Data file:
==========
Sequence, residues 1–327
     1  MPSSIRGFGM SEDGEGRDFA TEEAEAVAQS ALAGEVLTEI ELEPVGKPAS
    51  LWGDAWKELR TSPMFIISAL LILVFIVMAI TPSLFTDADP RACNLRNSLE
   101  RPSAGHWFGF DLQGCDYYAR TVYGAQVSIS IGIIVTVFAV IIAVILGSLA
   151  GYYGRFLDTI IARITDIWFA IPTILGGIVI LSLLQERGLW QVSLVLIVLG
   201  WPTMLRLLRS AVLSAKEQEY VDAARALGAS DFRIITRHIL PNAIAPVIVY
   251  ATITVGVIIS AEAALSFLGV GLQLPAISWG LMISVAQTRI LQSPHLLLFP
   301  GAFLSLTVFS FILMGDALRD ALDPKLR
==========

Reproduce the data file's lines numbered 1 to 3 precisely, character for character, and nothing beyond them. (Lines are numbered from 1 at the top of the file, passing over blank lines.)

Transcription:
Sequence, residues 1–327
     1  MPSSIRGFGM SEDGEGRDFA TEEAEAVAQS ALAGEVLTEI ELEPVGKPAS
    51  LWGDAWKELR TSPMFIISAL LILVFIVMAI TPSLFTDADP RACNLRNSLE